And because of that, the monetary policy can follow this nominal GDP targeting rule, and that fixes the problem that would otherwise exist in credit markets, and therefore gets a more smoothly operating credit market than you would otherwise have.
So, this would be an improvement to the equilibrium of the economy and everyone in the economy would be much happier than if you didn’t do this. And so that provides one rationale for nominal GDP targeting in a theoretical setting.
That’s just one possible way you could talk about this issue inside of a model, but I think it’s an interesting one.
Mracek: Can you give us an example of when the monetary policy response under nominal GDP targeting might be different from inflation targeting?
Bullard: Yeah, even right now, when the Fed looks back on the inflation outcomes since 2012, we’ve generally missed to the low side of our inflation target. And, as I was saying earlier, under inflation targeting, that’s just treated as a bygone, and you don’t worry about that, which means that the way the Fed is treating it right now is that, yes, we’ve missed in the past, but we’re just going to promise to hit the target in the future, and then that will be that.
But under nominal GDP targeting, you wouldn’t be satisfied with that. You would say, “I want to make up for the fact that I missed to the low side over several years,” and therefore it’d be OK if you allowed inflation to be higher for several years in order to have it average out over a longer period of time to hit your 2% inflation target.
In some ways, at a very simple level, there’s just more commitment to the idea that you’re actually going to hit the 2% target instead of saying that, “Well, we’ll try to hit it, but if we miss it, then there’s no guarantee.”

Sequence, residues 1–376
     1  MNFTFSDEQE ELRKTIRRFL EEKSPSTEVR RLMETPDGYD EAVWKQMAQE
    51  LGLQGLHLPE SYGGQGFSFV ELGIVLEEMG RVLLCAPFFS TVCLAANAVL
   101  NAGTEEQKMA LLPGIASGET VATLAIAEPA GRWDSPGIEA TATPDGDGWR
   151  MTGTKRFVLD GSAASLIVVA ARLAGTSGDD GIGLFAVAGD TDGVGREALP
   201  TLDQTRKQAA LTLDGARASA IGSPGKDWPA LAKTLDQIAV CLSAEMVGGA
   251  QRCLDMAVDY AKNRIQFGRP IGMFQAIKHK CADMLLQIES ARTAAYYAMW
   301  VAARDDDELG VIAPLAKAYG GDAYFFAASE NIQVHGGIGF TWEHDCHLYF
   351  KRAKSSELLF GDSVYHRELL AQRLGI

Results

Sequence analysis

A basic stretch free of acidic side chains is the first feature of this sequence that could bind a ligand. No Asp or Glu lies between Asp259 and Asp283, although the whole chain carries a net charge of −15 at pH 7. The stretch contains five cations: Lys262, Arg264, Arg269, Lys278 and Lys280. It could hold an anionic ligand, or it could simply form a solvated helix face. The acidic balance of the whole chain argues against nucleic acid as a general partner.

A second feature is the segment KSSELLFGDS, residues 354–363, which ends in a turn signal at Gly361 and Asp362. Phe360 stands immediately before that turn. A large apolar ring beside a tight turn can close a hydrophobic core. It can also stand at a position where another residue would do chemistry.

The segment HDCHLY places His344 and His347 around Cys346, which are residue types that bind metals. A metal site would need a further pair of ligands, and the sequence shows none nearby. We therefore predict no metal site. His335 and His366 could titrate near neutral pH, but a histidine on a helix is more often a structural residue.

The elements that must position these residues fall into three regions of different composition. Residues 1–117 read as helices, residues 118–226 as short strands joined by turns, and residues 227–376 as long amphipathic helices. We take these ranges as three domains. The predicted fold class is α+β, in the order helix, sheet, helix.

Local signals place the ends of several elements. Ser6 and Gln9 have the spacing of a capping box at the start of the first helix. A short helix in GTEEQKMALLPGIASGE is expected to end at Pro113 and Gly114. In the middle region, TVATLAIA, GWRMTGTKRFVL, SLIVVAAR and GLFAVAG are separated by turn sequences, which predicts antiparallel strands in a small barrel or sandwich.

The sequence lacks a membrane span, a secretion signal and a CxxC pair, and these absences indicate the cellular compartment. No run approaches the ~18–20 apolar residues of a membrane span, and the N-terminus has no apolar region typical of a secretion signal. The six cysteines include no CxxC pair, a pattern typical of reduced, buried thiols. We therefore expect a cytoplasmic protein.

This nominal income targeting idea would be a way to make sure that you hit the target over longer periods of time.
Mracek: What would be the advantages of using nominal GDP targeting?
Bullard: The biggest advantage is this idea that you would really cement inflation expectations around the target. This would give investors and financial market participants, households, businesses, the confidence that the central bank really was going to deliver on what it said. It was going to deliver this 2% inflation rate. They could use that in their planning, and they could be reasonably confident that that was going to be the actual outcome in the economy over longer periods of time. This would help with getting the best allocation of real resources that we can get. So, that would be the principal advantage.
I think the question about both nominal GDP targeting and price-level targeting is whether the additional gains that you would get are going to be that big compared to what you already are getting from inflation targeting. I started this off by saying inflation targeting has been crazy successful, and I think that’s the right view of the last 25 years in the countries that have adopted inflation targeting. I said it’s been a way better experience than the ’70s and ’80s where you had inflation expectations bouncing all over the place and a lot more volatility. You got both nominal volatility, but also more recessions and more frequent recessions.
Most of that has smoothed out, the financial crisis notwithstanding. We’ve managed to have more moderation in real variables and nominal variables in the inflation targeting era, even though we had the big financial crisis. But that’s only one part of the last 25 years.
Mracek: And are there any disadvantages to nominal GDP targeting?
Bullard: Some people say it hasn’t been tried, and it would be hard to communicate. And I think one way to convey that idea is that it really relies on private-sector expectations understanding the policy, and because they understand the policy, they expect inflation to be right around 2%. And because of that, you get good things to happen in the economy.
It’s the kind of thing where you might say, “OK, we switched to nominal GDP targeting.” Nobody notices in the entire economy. No one pays any attention whatsoever, and you don’t get any of these effects at all. I think that would be the kind of thing that is very practical and could possibly happen, because private-sector people might say, “Well, I don’t understand it,” or, “I don’t see what the difference is between this and inflation targeting. It’s all too subtle.”
The theories are relying on these things being really tight and really affecting these expectations a lot. But the reality might be a lot more distant than that.
Mracek: One common criticism is that stagflation is consistent with nominal GDP targeting. What is your thought on that?